Interest rate cap and floor

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Interest rate cap

An interest rate cap is a series of European call options or caplets on a specified interest rate, usually the LIBOR interest rate. The underlying rate is known as the reference rate. The buyer of the cap receives money if on the maturity of any of the caplets, the reference rate exceeds the agreed strike price of the cap.

In formulas a caplet payoff on a rate L struck at K is

<math> N\alpha max(L-K,0)<math>

where N is the notional value exchanged and <math>\alpha<math> is the day count fraction corresponding to the period to which L applies. For example suppose you own a caplet on the six month USD LIBOR rate with an expiry of 1st February 2005 struck at 2.5% with a notional of 1 million dollars. Then if the USD LIBOR rate sets at 3% on 1st February you receive 1m*0.5*max(0.03-0.025,0) = $2500. Customarily the payment is made at the end of the rate period, in this case on 1st August.

Interest rate floor

An Interest rate floor is a series of European put options or "floorlets" on a specified reference rate, usually LIBOR. The buyer of the floor receives money if on the maturity of any of the floorlets, the reference rate fixed below the agreed strike price of the floor.

Valuation of interest rate caps


The simplest and most common valuation of interest rate caplets is via the Black model. Under this model we assume that the underlying rate is distributed log-normally with volatility <math>\sigma<math>. Under this model, a caplet on a LIBOR expiring at t and paying at T has present value

<math> V = P(0,T)(FN(d_1) - KN(d_2))<math>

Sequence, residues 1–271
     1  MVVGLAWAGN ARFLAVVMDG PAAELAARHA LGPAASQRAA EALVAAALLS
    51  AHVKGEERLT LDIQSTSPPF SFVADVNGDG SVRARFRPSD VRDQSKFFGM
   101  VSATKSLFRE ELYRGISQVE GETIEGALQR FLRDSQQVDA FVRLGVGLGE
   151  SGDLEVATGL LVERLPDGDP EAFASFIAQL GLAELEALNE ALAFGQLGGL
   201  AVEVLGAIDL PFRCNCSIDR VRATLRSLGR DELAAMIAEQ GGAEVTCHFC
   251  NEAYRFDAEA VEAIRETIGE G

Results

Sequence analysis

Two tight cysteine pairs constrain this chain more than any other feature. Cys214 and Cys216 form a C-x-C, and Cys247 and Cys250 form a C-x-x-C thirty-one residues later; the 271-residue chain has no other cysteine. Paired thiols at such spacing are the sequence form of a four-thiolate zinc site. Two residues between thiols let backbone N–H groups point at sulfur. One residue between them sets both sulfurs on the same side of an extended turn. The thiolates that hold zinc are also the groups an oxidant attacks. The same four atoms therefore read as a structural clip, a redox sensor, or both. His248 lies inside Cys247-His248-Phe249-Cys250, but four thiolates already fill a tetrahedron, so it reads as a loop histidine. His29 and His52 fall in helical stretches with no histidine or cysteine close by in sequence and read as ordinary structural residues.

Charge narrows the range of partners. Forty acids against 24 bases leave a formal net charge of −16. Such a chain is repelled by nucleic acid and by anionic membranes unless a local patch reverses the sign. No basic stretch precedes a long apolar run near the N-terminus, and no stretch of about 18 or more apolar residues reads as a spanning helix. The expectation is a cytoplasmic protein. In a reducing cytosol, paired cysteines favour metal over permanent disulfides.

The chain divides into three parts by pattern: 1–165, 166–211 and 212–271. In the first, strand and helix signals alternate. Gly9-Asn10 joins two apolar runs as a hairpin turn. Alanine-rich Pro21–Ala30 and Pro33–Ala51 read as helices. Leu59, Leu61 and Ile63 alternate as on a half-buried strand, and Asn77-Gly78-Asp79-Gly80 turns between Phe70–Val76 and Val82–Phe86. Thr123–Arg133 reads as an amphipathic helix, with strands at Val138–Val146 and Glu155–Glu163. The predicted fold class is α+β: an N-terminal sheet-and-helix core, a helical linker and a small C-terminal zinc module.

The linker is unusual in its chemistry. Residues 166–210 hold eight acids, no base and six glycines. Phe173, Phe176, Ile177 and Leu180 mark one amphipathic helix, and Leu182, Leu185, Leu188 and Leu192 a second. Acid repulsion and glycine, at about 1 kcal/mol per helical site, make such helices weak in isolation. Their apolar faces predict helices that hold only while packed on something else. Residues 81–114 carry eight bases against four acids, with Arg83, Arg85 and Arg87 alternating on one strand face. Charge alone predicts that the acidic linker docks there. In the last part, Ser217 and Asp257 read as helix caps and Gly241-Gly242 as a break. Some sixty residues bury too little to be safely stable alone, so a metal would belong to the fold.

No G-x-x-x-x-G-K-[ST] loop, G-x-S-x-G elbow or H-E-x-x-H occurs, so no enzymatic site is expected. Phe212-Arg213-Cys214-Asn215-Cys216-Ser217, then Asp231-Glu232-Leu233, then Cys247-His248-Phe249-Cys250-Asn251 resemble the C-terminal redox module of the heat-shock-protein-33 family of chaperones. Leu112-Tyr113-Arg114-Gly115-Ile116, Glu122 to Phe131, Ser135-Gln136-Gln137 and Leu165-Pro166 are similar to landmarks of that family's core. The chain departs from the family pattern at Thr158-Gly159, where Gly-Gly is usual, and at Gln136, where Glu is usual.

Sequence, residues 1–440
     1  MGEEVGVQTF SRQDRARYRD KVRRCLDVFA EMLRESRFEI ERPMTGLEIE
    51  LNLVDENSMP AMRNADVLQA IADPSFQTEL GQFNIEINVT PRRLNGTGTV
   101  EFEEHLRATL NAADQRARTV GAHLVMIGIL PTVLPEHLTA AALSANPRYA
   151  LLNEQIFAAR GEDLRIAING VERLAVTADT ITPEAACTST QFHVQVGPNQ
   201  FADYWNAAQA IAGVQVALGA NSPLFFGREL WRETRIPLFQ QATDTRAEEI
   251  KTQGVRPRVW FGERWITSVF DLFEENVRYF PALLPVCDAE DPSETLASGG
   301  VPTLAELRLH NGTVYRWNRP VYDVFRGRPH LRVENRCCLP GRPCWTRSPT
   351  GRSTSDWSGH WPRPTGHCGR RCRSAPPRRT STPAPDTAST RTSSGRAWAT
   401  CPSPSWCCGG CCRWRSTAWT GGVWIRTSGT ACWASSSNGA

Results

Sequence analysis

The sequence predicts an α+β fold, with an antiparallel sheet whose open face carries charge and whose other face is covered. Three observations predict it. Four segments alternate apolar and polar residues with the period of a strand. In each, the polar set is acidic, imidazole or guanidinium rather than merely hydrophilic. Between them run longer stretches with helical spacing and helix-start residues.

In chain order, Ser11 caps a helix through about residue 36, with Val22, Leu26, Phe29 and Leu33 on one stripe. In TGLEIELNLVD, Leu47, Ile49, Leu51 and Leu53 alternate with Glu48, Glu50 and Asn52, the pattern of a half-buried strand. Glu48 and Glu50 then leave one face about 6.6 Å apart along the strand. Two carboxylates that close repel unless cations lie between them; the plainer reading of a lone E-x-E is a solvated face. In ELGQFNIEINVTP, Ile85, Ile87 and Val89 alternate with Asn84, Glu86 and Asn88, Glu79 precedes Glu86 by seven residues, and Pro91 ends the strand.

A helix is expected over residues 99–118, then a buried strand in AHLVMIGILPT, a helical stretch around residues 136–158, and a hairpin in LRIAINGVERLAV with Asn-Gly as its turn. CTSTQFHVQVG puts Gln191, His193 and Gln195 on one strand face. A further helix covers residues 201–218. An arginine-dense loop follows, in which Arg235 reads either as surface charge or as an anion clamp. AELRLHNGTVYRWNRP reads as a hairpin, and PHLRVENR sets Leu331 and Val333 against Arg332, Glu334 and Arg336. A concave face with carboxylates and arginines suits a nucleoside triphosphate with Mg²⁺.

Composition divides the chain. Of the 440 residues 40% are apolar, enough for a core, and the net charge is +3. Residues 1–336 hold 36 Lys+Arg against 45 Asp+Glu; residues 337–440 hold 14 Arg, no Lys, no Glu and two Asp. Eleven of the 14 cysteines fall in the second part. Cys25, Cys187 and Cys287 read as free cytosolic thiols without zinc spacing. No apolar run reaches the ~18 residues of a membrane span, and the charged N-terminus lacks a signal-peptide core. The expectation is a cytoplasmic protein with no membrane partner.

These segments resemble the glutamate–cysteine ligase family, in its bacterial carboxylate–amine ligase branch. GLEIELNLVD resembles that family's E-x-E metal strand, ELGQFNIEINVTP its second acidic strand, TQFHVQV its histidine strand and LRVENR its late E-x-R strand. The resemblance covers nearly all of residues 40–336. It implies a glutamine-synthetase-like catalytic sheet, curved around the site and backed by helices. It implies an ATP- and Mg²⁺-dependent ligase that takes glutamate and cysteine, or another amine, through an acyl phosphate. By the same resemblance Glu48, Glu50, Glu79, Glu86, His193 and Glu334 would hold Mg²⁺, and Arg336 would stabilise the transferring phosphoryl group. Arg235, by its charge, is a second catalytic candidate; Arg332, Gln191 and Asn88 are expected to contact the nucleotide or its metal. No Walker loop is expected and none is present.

P(0,T) is today's discount factor for T
F is the forward price of the rate. For LIBOR rates this is equal to <math> (\frac{P(0,t)}{P(0,T)} - 1)/\alpha <math>
K is the strike
<math>d_1 = \frac{log(F/K) + 0.5 \sigma^2t)}{\sigma\sqrt{t}}<math>


<math>d_2 = d_1 - \sigma\sqrt{t}<math>

Notice that there is a 1-to-1 mapping between the volatility and the present value of the option. Because all the other terms arising in the equation are indisputable, there is no ambiguity in quoting the price of a caplet simply by quoting its volatility. This is what happens in the market. The volatility is known as the "Black vol" or implied vol.

As a bond put

It can be shown that a cap on a LIBOR from t to T is equivalent to a multiple of a t-maturity put on a T-maturity bond. Thus if we have an interest rate model in which we are able to value bond puts, we can value interest rate caps. Similarly a floor is equivalent to a certain bond call. Several popular short rate models, such as the Hull-White model have this degree of tractability. Thus we can value caps and floors in those models.



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